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Housing.

Part of the debate – in the House of Commons on 13th March 1922.

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Photo of Mr Rhys Davies Mr Rhys Davies , Westhoughton

The discussion so far has been mainly in connection with housing. I wish to divert it from that for some moments, and to call the attention of the Minister of Health to a circular which was issued by his Department in November last. I feel sure that when he hears about it he will be disposed to withdraw the paragraph of which I complain. In the circular which is numbered 257, the Minister says that he considers that local authorities should require a contribution towards the cost of residential treatment of persons suffering from tuberculosis. I am proud to think that very few local authorities have adopted the right hon. Gentleman's suggestion, but I know of one case in which a local authority has required a consumptive to pay a certain sum as a condition of entering a sanatorium. This is a violation of pledges which have been given by the Minister of Health. We have heard a great deal in this House of pledges to ex-service men, bondholders, and others, which have been broken, but I wish now to draw attention to a pledge which has been broken which was given to persons suffering from consumption in this country.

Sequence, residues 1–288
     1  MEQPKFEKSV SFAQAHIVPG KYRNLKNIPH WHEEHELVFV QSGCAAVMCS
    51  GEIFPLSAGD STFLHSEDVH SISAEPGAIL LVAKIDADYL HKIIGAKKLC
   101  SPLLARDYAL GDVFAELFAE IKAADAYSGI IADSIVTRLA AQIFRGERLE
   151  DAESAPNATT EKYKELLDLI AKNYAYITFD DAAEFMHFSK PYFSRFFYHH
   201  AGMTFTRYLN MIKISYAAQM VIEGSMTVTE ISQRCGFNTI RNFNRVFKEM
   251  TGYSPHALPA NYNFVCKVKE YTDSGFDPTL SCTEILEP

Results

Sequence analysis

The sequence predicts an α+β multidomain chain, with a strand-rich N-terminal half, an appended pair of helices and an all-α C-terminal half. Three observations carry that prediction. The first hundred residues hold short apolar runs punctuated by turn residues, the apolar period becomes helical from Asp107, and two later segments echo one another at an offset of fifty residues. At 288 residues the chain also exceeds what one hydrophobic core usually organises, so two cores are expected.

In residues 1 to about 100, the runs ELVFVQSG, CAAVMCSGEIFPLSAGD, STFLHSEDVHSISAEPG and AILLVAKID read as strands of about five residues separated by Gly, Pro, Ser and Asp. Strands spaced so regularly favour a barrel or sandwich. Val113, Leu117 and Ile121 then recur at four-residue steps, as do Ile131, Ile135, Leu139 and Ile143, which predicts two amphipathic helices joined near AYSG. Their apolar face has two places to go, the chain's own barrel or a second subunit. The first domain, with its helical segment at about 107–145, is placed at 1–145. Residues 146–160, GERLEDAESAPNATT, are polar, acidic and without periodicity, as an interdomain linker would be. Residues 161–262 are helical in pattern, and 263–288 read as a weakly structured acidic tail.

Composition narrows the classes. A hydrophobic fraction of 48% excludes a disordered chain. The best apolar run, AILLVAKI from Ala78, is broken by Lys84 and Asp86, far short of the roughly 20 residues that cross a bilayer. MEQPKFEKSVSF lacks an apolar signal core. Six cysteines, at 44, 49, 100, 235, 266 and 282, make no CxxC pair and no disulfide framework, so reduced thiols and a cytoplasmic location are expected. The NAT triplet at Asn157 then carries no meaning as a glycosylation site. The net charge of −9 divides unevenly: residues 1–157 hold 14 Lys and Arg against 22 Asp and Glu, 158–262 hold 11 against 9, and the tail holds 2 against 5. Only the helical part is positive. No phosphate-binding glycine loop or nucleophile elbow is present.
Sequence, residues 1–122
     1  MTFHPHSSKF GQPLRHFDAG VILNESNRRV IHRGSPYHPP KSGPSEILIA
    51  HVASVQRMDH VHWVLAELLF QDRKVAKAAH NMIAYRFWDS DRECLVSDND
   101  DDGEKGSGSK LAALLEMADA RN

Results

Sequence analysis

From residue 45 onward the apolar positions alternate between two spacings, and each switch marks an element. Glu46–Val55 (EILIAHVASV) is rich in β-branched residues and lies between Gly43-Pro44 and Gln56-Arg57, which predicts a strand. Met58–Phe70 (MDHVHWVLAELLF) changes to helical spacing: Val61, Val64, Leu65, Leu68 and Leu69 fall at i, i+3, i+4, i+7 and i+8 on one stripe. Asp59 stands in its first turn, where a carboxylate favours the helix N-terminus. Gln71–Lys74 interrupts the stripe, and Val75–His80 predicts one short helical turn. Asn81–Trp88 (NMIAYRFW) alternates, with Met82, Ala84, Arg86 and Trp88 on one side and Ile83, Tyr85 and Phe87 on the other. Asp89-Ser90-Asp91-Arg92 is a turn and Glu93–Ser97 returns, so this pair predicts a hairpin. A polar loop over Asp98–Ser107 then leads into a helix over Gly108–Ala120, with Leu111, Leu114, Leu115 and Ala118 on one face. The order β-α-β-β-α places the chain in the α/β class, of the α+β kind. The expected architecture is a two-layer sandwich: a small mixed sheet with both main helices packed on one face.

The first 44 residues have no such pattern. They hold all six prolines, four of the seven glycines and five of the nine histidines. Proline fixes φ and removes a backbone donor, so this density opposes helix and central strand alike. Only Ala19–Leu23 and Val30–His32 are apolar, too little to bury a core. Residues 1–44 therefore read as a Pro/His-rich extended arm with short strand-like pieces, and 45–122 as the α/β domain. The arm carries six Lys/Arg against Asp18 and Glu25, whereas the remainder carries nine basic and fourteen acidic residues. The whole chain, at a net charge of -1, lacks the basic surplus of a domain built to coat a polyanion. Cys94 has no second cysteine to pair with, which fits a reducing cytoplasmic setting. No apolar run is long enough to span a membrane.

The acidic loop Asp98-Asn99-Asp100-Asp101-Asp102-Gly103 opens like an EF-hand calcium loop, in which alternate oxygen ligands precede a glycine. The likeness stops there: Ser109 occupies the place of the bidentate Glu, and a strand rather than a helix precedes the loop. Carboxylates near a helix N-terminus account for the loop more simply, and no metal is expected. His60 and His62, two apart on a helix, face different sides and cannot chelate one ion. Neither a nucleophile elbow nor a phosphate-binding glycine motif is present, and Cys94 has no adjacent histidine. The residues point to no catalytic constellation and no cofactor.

The issue of the circular is without precedent. When the Insurance Act came into operation insured persons who came under that scheme were entitled by law to receive sanatorium treatment because they paid for it in their contributions. Then the Minister of Health suddenly found out that overlapping was occurring as between local authorities and insurance committees, and in May, 1920, he secured the passage of a Bill transferring from the insurance committees to the local authorities the duty of providing sanatorium treatment. The statement was made from that bench then that the transfer of duties was made definitely in favour of the consumptive, and yet we find this circular issued with the consequences which I have mentioned. If persons suffer from any other disease, contagious or infectious, typhoid or scarlet fever, no local authority would, and the Minister of Health would not ask them to, require persons suffering from those diseases to pay any sum whatever for entering into an institution. Why is there this difference in the case of a consumptive?

Consumption is a dread disease, a disease of poverty, poverty of food, of clothing and decent housing conditions. The right hon. Gentleman has created a very bad feeling among insured people by the circular to which I have referred. To require, as the circular does, that an insured person who is a consumptive should pay as a condition of entering a sanatorium will act as a deterrent against the individual entering the sanatorium at all. I can give a case in which it has been put to a man suffering from consumption that he must hand over his State insurance benefit as a condition of treatment in the sanatorium, and, rather than leave his wife and children without any income by paying the money to the sanatorium authorities, the man has remained at home. He is now consumptive and is probably transferring the disease to his own family. I hope that we shall have a pledge from the Minister that he will withdraw the paragraph complained of and keep the promise made from that Bench to all people suffering from consumption, which promise was made when the Bill I have referred to was passing into law.